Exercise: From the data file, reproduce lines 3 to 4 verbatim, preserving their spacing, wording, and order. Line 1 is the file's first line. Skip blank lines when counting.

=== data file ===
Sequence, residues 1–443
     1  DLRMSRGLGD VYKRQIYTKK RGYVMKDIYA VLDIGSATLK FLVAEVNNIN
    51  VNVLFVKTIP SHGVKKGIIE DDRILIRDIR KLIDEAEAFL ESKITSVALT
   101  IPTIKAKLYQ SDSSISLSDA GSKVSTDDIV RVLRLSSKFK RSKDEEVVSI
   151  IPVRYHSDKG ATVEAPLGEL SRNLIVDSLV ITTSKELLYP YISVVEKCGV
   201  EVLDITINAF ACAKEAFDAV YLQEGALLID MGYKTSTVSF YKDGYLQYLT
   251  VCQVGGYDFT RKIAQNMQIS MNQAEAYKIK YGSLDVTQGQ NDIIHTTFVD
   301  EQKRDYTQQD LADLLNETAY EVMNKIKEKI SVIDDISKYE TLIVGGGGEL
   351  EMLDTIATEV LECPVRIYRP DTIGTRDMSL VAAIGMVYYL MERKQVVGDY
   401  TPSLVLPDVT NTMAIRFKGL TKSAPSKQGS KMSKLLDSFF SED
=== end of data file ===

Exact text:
    51  VNVLFVKTIP SHGVKKGIIE DDRILIRDIR KLIDEAEAFL ESKITSVALT
   101  IPTIKAKLYQ SDSSISLSDA GSKVSTDDIV RVLRLSSKFK RSKDEEVVSI